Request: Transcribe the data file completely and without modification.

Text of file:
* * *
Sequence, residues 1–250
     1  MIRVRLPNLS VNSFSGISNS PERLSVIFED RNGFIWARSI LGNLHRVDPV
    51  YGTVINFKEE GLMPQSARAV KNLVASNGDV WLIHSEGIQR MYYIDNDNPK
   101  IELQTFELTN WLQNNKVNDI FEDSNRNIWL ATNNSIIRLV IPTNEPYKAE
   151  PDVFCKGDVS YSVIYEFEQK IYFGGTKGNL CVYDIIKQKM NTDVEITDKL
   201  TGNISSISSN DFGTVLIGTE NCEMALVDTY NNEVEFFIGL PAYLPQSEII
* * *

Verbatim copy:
Sequence, residues 1–250
     1  MIRVRLPNLS VNSFSGISNS PERLSVIFED RNGFIWARSI LGNLHRVDPV
    51  YGTVINFKEE GLMPQSARAV KNLVASNGDV WLIHSEGIQR MYYIDNDNPK
   101  IELQTFELTN WLQNNKVNDI FEDSNRNIWL ATNNSIIRLV IPTNEPYKAE
   151  PDVFCKGDVS YSVIYEFEQK IYFGGTKGNL CVYDIIKQKM NTDVEITDKL
   201  TGNISSISSN DFGTVLIGTE NCEMALVDTY NNEVEFFIGL PAYLPQSEII